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Orthostatic intolerance: raise bed head or foot at night?

Discussion in 'Problems Standing: Orthostatic Intolerance; POTS' started by Sasha, Mar 6, 2010.

  1. Sasha

    Sasha Fine, thank you

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    I've been mugging up on orthostatic intolerance, which I'm going to be tested for this week. Some advice says that you should raise the foot of your bed, e.g. Dr Stewart writing about POTS: "Raising the foot of the bed at night can increase blood volume." Other advice says that you should raise the head of your bed, e.g. Dr Rowe says: "Another time-honored recommendation is to elevate the head of the bed slightly by 10-15 degrees, so that the head is higher than the feet, a position that appears to help the body retain fluid at night rather than lose fluid into the urine."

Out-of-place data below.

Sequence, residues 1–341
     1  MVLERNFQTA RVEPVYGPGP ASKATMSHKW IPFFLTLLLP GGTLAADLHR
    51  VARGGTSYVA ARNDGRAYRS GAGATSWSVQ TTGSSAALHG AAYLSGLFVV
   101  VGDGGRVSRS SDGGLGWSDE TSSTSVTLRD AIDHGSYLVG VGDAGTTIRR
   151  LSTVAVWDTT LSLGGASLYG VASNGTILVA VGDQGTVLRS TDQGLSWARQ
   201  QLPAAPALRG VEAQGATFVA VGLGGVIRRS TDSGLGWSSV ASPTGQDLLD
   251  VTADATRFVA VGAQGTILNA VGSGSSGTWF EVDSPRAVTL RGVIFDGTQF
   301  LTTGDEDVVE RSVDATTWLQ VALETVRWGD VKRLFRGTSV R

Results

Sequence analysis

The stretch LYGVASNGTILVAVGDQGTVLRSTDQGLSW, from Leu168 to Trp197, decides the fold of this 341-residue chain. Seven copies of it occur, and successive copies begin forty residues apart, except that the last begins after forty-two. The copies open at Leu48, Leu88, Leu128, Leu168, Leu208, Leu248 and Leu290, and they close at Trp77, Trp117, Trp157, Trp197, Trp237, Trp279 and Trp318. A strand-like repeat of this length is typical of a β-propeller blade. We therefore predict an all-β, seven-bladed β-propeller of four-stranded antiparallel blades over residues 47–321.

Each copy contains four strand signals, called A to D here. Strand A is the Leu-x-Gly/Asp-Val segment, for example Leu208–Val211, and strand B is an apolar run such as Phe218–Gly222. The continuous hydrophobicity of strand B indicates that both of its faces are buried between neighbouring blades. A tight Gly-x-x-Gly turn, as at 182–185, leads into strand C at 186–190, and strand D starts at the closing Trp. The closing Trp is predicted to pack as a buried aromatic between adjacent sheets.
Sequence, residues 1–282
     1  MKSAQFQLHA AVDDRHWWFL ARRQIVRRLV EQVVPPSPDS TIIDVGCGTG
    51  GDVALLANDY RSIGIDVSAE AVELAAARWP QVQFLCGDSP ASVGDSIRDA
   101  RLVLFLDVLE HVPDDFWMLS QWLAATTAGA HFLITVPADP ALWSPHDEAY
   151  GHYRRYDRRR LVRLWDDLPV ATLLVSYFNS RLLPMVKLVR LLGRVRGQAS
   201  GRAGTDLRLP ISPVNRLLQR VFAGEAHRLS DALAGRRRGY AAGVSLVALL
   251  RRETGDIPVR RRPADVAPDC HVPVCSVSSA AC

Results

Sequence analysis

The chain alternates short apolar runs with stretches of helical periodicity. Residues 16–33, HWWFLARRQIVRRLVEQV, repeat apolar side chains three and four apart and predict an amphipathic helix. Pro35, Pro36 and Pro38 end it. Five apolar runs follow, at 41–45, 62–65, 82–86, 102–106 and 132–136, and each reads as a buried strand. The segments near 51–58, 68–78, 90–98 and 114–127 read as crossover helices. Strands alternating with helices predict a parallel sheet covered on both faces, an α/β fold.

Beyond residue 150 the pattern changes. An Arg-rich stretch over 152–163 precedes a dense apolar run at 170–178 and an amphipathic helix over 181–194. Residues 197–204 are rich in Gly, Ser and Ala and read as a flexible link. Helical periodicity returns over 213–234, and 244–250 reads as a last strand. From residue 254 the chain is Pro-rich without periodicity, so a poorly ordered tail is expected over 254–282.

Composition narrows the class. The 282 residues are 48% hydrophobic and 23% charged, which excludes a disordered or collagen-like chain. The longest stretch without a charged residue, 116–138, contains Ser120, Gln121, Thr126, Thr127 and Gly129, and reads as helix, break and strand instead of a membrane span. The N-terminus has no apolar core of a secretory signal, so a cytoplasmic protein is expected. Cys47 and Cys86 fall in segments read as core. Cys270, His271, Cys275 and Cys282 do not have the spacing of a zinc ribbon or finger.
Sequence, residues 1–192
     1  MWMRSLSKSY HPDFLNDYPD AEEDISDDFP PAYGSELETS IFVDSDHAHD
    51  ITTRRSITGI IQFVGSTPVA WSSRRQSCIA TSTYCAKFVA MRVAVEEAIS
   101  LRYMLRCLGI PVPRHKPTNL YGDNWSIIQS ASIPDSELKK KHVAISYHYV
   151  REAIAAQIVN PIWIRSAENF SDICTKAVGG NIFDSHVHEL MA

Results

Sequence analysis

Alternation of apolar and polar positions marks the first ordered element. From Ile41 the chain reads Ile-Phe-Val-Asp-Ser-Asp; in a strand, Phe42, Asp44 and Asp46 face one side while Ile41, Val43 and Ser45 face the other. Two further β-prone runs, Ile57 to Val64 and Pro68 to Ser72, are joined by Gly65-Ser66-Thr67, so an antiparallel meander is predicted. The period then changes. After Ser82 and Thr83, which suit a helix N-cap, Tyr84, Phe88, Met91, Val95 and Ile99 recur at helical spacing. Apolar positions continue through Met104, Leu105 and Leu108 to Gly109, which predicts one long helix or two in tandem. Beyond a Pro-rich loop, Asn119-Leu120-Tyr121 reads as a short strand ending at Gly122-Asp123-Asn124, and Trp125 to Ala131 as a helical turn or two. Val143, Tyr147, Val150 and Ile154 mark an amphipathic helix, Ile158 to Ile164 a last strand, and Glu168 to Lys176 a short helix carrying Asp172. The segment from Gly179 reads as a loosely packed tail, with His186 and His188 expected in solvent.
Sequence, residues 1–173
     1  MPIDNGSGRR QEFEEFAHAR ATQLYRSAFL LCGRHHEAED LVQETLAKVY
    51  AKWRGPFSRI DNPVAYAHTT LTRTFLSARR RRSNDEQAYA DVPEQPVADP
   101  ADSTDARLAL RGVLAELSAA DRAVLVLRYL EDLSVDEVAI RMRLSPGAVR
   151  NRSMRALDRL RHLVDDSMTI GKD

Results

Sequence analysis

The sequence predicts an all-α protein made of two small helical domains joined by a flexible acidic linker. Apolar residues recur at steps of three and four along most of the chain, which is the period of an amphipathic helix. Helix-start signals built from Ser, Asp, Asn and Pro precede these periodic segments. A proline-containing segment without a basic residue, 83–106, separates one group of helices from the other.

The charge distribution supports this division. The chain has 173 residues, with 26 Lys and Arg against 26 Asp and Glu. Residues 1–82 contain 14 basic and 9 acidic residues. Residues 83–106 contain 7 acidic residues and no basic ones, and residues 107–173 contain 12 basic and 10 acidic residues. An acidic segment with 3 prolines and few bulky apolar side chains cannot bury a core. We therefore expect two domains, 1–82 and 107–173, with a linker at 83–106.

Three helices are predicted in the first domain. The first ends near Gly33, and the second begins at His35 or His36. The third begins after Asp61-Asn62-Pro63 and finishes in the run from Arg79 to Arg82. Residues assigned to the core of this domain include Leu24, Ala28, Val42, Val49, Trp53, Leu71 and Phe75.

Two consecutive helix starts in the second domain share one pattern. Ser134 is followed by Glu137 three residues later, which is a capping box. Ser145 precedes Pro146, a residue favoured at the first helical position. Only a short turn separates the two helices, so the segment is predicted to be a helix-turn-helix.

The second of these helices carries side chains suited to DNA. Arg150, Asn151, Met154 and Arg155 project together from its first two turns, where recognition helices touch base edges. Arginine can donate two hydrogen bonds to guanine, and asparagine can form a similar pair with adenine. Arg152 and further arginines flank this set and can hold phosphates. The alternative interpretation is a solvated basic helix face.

Does anybody have any idea which it should be? The most common recommendation I've seen is to raise the bed head, though it seems counter-intuitive. I mentioned it to my (non-specialist) doctor and he didn't know what the physiological mechanism would be for it to work.

    A secondary question: I can't tilt my whole bed because of how it is constructed so I'm getting a wedge that goes under the mattress that will tilt the upper (or lower) half of the mattress and therefore my body at 15 degrees. Does anyone know whether that's likely to be sufficient? According to my geometry calculations, raising the whole bed to a 15 degree tilt would require you to raise a six-foot bed by one and half feet, which seems a lot!
  2. potsrecovery

    potsrecovery Guest

    Building Blood Volume for Orthostatic Intolerance or POTS

    As a sufferer of POTS and OI symptoms for 20+ years you get to understand what helps and what doesn't. Here is my advice on building blood volume based on my experience and on what POTS/OI specialists such as Dr. B. Levine and Dr. Schondorf have recommended: